Sura (Lycia)

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Coordinates: 36 ° 14 ′ 38.5 ″  N , 29 ° 56 ′ 41.3 ″  E

Relief Map: Turkey
Sura (Lycia)

Sura was an ancient oracle of Apollo Surios on the coast of Lycia , it is located on the outskirts of Yuva Köyü, a suburb of Demre (ancient Myra ) in the province of Antalya in Turkey . This is where Apollon's fish oracle, famous in ancient times, was located.

The ancient writer Athenaios describes in his "Banquet of the Scholars" ( Deipnosophistai ) the course of the oracle: On the shore of the sea there is a sacred area of ​​Apollon and there on the beach a whirlpool. The oracle seeker brings two wooden skewers, each with ten pieces of roasted meat, and throws them into the basin. Then the pool fills with salt water and an abundance of fish of all kinds flocks into the pool. A prophetes enumerates the number and the species of the flesh gnawing fish and according to this enumeration the oracle priest gives the questioner the answer of the oracle. Not only the number but also the size of the individual specimens and the multitude of species represented is quite astonishing.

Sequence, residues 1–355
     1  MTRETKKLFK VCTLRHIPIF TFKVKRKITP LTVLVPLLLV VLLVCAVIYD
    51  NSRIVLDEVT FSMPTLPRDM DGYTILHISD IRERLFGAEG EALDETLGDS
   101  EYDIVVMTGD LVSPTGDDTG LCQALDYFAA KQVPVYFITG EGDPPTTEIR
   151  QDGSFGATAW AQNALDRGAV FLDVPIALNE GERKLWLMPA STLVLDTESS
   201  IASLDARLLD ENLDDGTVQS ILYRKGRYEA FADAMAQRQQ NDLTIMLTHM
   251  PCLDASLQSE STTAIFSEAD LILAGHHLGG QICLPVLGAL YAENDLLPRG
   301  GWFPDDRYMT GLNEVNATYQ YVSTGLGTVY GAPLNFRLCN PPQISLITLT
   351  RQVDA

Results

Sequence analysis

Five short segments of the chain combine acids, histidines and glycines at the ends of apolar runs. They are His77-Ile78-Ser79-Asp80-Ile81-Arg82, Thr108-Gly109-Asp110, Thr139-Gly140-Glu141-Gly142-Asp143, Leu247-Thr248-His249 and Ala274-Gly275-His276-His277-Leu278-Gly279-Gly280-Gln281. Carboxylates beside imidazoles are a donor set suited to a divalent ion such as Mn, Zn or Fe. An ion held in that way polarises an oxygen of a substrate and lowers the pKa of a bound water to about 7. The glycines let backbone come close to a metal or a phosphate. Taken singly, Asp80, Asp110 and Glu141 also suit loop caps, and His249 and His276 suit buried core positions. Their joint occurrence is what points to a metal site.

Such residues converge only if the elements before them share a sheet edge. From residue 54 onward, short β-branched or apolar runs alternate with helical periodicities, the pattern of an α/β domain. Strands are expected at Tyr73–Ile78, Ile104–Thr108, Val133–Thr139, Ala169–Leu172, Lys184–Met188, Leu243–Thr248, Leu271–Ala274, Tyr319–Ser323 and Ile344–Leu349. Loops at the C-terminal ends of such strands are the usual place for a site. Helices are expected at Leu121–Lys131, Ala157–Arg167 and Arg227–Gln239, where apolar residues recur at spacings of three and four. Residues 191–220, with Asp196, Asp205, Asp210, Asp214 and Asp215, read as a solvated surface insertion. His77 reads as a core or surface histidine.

Athenaios then quotes the 10th book of the "Geographoumena" of Artemidor of Ephesus , according to which there is a fresh water source on the beach and it is the mixture of salt and fresh water in this vortex that explains the extraordinary abundance of fish at this point. The locals would stick the first fruits of meat and field crops on wooden skewers and sacrifice them there. In addition, both the port there and the oracle site would have the name Dinos ( δῖνος "vortex") from this vortex.

Pliny the Elder describes a somewhat different course in his "Natural History". According to him, the fish are lured to the basin by blowing a flute three times. If they greedily snatch the meat thrown to them, that was interpreted as a good omen, but if they had pushed it away with their tail fin it would have been a bad sign.

Remnants of the oracle site are not preserved, only rock cuttings, presumably from the apartments of the priests or the dwellings of oracle seekers, are still visible. Nearby are the remains of two Byzantine churches.

See also


  • Athenaios Deipnosophistai 8, 333
  • Pliny Naturalis historia 32, 8


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